Neurosurgery and elderly: Analysis through the years

Journal article


Chibbaro, Salvatore, Di Rocco, F., Makiese, O., Mirone, G., Marsella, M., Lukaszewicz, A. C., Vicaut, E., Turner, B., Hamdi, S., Spiriev, T., Di Emidio, P., Pirracchio, R., Payen, D., George, B. and Bresson, D.. (2011). Neurosurgery and elderly: Analysis through the years. Neurosurgical Review. 34(2), pp. 229 - 234. https://doi.org/10.1007/s10143-010-0301-6
AuthorsChibbaro, Salvatore, Di Rocco, F., Makiese, O., Mirone, G., Marsella, M., Lukaszewicz, A. C., Vicaut, E., Turner, B., Hamdi, S., Spiriev, T., Di Emidio, P., Pirracchio, R., Payen, D., George, B. and Bresson, D.
Abstract

The aging of the population in westernized countries constitutes an important issue for the health systems struggling with limited resources and increasing costs. Morbidity and mortality rates reported for neurosurgical procedures in the elderly vary widely. The lack of data on risk benefit ratios may result in challenging clinical decisions in this expanding group of patients. The aim of this paper is to analyze the elderly patients cohort undergoing neurosurgical procedures and any trend variations over time. The medical records of elderly patients (defined as an individual of 70 years of age and over) admitted to the Neurosurgical and Neuro-ICU Departments of a major University Hospital in Paris over a 25-year period were retrospectively reviewed. The analysis included: (1) number of admissions, (2) percentage of surgically treated patients, (3) type of procedures performed, (4) length of hospital stay, and (5) mortality. The analysis showed a progressive and significant increase in the proportion of elderly presenting for neurosurgical elective and/or emergency procedures over the last 25 years. The number of procedures on patients over 70 years of age increased significantly whereas the mortality dropped. Though the length of hospital stay was reduced, it remained significantly higher than the average stay. The types of procedures also changed over time with more craniotomies and endovascular procedures being performed. Age should not be considered as a contraindication for complex procedures in neurosurgery. However, downstream structures for postoperative elderly patients must be further developed to reduce the mean hospital stay in neurosurgical departments because this trend is likely to continue to grow.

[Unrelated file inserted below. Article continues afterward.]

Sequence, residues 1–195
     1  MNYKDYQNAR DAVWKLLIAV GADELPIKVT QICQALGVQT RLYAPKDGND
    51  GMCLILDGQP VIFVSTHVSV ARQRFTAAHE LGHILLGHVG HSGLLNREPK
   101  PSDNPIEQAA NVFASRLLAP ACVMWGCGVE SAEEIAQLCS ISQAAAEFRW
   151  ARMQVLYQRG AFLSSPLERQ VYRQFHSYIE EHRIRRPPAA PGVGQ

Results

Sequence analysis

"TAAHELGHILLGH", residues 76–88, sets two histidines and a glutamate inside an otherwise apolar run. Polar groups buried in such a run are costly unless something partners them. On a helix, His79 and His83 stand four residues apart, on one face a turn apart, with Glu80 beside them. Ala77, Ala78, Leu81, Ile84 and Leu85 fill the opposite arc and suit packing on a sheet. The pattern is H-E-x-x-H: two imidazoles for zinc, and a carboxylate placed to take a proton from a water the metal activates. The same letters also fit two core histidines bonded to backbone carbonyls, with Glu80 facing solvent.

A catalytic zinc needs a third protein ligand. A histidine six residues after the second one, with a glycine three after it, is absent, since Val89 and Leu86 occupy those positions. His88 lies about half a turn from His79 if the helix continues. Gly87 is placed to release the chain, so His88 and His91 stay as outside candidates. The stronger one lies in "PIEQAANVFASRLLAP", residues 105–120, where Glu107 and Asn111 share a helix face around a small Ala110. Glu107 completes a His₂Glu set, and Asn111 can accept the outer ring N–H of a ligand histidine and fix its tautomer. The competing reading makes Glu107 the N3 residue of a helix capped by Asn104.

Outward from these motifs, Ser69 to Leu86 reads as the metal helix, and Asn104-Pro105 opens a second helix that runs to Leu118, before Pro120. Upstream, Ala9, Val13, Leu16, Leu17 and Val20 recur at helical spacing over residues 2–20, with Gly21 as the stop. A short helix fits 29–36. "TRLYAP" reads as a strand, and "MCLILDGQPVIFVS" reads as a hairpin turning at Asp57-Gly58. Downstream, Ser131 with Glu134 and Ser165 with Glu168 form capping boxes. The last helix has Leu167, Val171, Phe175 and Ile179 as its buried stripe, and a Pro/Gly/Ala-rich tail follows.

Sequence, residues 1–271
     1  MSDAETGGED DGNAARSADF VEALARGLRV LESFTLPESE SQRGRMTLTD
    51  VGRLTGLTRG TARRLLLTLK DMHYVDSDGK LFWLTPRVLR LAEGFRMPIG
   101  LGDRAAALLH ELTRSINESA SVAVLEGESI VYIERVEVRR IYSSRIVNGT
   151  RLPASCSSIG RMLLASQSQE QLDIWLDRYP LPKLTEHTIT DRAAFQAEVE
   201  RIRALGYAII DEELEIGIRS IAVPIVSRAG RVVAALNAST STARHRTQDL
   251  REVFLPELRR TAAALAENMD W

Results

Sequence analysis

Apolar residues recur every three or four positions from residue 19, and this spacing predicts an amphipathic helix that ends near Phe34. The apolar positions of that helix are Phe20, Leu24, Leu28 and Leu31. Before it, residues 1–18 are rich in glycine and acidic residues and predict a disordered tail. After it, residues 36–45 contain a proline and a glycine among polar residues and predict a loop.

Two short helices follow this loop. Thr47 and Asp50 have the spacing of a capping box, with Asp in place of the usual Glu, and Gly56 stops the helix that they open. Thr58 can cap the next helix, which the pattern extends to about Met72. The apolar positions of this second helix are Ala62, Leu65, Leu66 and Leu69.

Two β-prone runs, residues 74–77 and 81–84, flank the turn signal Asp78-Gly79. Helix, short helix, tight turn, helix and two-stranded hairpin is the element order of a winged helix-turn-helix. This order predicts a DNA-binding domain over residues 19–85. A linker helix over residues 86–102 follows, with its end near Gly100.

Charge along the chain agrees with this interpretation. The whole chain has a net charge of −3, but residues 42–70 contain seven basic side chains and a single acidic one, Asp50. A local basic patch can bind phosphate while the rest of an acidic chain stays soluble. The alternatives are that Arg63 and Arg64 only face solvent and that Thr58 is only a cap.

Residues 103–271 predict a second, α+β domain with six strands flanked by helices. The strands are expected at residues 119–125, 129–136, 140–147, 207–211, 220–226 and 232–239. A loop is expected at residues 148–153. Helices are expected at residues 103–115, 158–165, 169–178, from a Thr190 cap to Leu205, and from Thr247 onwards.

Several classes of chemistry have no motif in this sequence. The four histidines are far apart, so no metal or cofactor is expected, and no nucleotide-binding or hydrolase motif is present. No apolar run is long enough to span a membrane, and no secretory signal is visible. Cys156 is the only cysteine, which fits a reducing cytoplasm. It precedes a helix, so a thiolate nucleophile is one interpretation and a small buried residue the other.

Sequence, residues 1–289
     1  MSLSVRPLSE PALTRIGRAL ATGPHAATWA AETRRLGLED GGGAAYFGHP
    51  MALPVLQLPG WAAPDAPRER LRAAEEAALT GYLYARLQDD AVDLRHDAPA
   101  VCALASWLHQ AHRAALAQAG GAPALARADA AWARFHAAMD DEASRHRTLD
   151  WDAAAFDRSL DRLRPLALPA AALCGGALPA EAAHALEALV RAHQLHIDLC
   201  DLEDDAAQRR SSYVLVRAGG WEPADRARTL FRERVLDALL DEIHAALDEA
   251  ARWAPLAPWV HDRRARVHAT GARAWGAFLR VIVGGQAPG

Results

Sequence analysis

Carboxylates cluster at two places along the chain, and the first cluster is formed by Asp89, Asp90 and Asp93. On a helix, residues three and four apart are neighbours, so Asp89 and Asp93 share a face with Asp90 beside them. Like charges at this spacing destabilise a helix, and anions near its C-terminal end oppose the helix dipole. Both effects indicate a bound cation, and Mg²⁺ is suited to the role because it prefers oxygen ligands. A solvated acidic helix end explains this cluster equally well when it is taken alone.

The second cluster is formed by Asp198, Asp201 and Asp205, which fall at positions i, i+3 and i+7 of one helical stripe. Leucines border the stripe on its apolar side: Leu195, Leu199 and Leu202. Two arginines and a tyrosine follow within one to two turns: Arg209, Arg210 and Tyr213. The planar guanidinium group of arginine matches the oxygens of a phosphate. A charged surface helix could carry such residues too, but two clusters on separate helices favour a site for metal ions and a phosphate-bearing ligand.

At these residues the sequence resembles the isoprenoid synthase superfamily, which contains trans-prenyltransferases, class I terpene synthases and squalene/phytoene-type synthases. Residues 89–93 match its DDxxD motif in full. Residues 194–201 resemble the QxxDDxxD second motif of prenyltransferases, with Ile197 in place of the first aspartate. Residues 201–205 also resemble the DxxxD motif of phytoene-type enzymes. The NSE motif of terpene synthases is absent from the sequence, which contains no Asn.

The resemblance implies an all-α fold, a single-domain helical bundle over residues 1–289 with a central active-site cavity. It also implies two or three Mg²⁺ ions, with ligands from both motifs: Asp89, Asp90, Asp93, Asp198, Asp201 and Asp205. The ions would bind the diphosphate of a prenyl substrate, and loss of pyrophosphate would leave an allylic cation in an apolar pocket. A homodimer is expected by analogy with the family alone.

Keywordsgeriatric neurosurgery; craniotomy; brain surgery; spine surgery; elderly
Year2011
JournalNeurosurgical Review
Journal citation34 (2), pp. 229 - 234
PublisherSpringer-Verlag
ISSN0344-5607
Digital Object Identifier (DOI)https://doi.org/10.1007/s10143-010-0301-6
Scopus EID2-s2.0-79958217695
Page range229 - 234
Research GroupInstitute for Religion, Politics, and Society
Publisher's version
File Access Level
Controlled
Place of publicationGermany
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